Recently I picked up a book that predicts a long-term glut in the oil market. Potential oil reserves, the book asserts, are huge relative to world oil demand, and costs of production are declining. Although the oil cartel has had some success in keeping prices up, its power is waning. The prospect is for flat or falling prices as far as the eye can see. Sound reasonable in these days of exceedingly low petroleum prices? Well, yes-but Morris Adelman's The World Petroleum Market was published in 1973. You might call this a case of oil wells that ended well-that Adelman had it right and that the oil price hikes that began almost as soon as the book was in print were merely a blip. But what a blip! Oil now sells for around $10 a barrel, which in real terms is about what it sold for in 1972. In 1975 the price rose to the equivalent of $25, and peaked in 1981 at around $53; not until 1985 did the era of high oil prices truly come to an end.
And during those dozen years of high oil prices, the energy crisis loomed large in economics and politics. Oil shocks, argued many economists, were a major culprit in the "stagflation" that afflicted the world economy. Jimmy Carter told us that to fight the energy crisis, the nation needed to declare the "moral equivalent of war." (Washington desperately needed someone to police these 1970s-era acronyms. In addition to the "meow" program, we also had a Council on Wage and Price Stability, or "cowpiss".) Lines at the gas pumps helped make Ronald Reagan President; reckless "recycling" of Arab oil money helped cause the Latin American debt crisis.
How could such a thing happen? During the '70s, doomsayers declared that the world was running out of resources, civilization was doomed, and that was that. In retrospect, it seems clear that this was all wrong; experts like Adelman were right that there was plenty of oil and for that matter most minerals. (Renewable resources like fisheries are another story.) But then how could prices have gone so high for so long? One answer is that this was a case of a cartel that made good, then went bad. For a while, goes the story, oil-producing nations agreed to limit their production and raise prices; but then they got greedy, started cheating, and the whole thing fell apart. The trouble with this story is that OPEC was never a very cooperative group; indeed, during the cartel's glory days two of its members fought a remarkably vicious war with each other. How can so quarrelsome a club have been effective enough to engineer the most spectacular commodity price increases in history?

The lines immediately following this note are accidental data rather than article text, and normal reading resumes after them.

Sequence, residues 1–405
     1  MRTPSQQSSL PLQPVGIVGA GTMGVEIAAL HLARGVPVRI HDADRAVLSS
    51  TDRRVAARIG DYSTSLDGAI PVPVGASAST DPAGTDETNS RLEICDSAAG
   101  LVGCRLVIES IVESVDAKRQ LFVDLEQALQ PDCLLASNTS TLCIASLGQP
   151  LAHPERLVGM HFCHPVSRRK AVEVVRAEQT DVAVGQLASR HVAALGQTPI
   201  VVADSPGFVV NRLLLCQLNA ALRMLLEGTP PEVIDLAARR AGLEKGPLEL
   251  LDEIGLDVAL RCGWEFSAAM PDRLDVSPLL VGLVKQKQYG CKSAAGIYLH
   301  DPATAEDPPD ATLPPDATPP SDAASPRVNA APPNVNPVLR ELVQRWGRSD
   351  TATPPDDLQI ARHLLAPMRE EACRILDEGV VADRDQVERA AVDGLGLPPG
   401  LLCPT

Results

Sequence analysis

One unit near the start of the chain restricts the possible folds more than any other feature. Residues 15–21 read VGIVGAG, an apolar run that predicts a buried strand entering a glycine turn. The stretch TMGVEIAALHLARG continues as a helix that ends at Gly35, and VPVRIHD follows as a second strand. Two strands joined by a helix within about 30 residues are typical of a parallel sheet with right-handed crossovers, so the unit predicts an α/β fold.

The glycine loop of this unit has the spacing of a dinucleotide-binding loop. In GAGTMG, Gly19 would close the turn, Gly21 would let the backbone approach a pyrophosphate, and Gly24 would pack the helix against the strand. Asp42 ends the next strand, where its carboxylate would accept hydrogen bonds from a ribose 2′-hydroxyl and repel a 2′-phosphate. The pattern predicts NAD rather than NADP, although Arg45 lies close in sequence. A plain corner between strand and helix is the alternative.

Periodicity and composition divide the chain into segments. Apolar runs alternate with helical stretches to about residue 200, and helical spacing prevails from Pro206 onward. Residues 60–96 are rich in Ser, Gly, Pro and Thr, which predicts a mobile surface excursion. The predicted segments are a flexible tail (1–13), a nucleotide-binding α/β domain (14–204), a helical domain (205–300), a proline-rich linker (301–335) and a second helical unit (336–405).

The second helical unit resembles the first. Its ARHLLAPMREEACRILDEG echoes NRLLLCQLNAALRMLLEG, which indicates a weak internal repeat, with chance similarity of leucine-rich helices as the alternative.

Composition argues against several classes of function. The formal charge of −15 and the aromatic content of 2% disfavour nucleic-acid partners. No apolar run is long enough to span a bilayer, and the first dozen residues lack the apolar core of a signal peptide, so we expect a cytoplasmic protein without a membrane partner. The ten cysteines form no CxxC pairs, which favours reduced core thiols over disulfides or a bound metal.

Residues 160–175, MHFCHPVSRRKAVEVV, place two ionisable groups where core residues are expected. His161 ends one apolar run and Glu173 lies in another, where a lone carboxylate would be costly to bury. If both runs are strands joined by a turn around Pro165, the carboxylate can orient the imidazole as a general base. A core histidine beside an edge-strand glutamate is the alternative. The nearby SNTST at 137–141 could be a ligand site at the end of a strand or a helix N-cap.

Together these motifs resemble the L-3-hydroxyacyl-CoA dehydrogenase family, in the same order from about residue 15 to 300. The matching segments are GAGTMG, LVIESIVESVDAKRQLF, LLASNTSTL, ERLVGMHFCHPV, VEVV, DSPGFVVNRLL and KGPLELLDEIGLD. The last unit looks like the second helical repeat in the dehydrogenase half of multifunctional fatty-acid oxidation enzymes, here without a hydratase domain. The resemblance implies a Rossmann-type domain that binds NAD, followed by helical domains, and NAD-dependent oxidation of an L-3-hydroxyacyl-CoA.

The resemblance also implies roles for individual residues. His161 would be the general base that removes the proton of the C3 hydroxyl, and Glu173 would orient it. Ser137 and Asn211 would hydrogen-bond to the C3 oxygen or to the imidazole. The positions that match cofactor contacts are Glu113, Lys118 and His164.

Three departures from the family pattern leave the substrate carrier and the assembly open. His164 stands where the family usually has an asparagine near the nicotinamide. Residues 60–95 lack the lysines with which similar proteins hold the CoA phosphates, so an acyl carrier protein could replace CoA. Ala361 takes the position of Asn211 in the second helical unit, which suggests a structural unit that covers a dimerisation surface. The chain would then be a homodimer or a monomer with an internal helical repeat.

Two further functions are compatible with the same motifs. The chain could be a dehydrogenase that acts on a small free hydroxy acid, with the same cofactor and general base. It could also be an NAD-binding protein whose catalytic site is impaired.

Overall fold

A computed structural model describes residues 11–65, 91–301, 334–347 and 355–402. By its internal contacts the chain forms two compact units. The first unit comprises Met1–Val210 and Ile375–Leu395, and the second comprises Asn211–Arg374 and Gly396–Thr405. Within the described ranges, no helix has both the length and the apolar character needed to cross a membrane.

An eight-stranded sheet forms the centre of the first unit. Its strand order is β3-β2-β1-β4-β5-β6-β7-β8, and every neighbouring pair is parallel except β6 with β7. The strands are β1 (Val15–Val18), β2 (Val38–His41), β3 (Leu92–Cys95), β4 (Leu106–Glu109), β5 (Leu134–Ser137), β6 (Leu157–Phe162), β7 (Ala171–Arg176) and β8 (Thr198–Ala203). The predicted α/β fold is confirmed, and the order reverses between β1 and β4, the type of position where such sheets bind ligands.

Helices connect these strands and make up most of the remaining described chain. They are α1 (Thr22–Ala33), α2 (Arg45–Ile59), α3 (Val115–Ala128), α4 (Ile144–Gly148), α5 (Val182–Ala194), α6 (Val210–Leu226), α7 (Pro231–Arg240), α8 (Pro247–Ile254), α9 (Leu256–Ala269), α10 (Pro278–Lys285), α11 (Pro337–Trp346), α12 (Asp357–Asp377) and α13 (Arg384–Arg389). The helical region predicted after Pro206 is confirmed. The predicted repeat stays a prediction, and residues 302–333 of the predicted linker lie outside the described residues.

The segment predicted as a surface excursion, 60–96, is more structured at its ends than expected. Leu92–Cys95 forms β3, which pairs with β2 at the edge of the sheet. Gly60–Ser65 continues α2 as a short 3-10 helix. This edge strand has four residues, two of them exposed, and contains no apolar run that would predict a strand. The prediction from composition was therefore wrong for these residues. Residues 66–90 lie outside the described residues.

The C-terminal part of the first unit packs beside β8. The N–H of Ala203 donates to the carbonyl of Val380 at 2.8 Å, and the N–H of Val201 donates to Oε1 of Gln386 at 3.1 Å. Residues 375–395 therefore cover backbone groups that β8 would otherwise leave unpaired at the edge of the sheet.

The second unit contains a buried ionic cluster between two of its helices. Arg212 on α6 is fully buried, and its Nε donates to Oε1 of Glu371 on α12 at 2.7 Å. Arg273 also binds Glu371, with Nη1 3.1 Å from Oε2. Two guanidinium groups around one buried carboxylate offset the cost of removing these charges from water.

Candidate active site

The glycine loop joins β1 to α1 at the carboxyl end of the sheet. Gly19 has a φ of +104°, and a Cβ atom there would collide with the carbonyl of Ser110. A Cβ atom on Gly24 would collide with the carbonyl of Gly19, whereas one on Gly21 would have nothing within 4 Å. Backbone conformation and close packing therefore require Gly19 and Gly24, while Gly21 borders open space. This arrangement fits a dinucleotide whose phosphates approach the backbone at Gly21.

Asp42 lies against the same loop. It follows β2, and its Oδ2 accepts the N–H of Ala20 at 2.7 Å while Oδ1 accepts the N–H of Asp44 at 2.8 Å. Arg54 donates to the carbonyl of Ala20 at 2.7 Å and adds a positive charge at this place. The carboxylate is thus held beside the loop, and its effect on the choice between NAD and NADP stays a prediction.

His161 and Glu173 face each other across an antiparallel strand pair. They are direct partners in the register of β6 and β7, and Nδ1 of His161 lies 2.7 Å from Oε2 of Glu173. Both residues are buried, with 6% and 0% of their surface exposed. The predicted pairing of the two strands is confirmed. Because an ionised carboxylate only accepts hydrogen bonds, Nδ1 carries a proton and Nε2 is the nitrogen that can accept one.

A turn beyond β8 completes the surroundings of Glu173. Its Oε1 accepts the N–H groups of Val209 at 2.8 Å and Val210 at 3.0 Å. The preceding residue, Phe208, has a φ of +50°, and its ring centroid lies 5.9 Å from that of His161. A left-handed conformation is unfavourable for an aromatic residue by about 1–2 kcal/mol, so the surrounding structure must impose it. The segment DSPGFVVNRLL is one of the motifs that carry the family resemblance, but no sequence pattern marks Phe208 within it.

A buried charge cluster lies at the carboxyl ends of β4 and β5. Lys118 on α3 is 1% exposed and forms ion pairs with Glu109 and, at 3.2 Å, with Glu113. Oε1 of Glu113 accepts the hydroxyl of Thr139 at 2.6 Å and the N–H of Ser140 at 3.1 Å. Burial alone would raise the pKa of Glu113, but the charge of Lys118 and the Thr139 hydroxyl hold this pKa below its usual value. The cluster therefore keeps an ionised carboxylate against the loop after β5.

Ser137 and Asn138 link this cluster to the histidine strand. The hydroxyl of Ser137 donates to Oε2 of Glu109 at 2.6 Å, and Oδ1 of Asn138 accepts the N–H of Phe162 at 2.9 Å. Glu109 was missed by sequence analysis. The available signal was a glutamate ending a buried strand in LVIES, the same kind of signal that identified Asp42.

Another answer says that OPEC was a myth, that it was all really about Saudi Arabia, which was essentially the pricemaker for the world. According to this story, the global shortage following the 1973 Arab-Israeli war revealed to the Saudis that they had far more market power than they realized-that if they cut production, nobody else was in a position to make up the shortfall, and prices would soar. So they took advantage of this discovery, but over time their market power was eroded by cutbacks in demand and new sources of supply. Eventually they realized that by restricting their production they were simply providing a price umbrella to their cheating OPEC partners, and the game was up.
Yet a third story says the energy crisis was a classic case of market instability. Oil rich countries found it hard to spend the new wealth generated by high prices, so they attempted to save for the future-believing wrongly that the best way to do that was to leave the oil in the ground. The initial result was that higher oil prices reduced supply and drove prices still higher-but eventually it became clear that oil in the ground wasn't that good an investment after all, and the bubble burst.
So what's the right story? Nobody knows-and we're not likely to find out. You see, when oil prices dropped after 1985, interest fell off. Grants to study the economics of energy dried up; ambitious economists shifted to other topics. Never mind that the rise and fall of oil prices was one of the most spectacular and puzzling events in economic history; as soon as oil was cheap again, the subject was dropped.
And that is a shame. History is the main laboratory for economic theory; a theory of markets that can't explain the energy crisis is probably not much good for anything else. Moreover, as the saying goes, history may not repeat itself, but it does rhyme. Anyone who thought that the banking crises and liquidity traps of the 1930s carried no lessons for the modern world has had a rude awakening in the past year and a half, as Asia has experienced a minor-key replay of the Great Depression. Wanna bet that one of these days the energy crisis will seem equally relevant?
Originally published, 2.1.99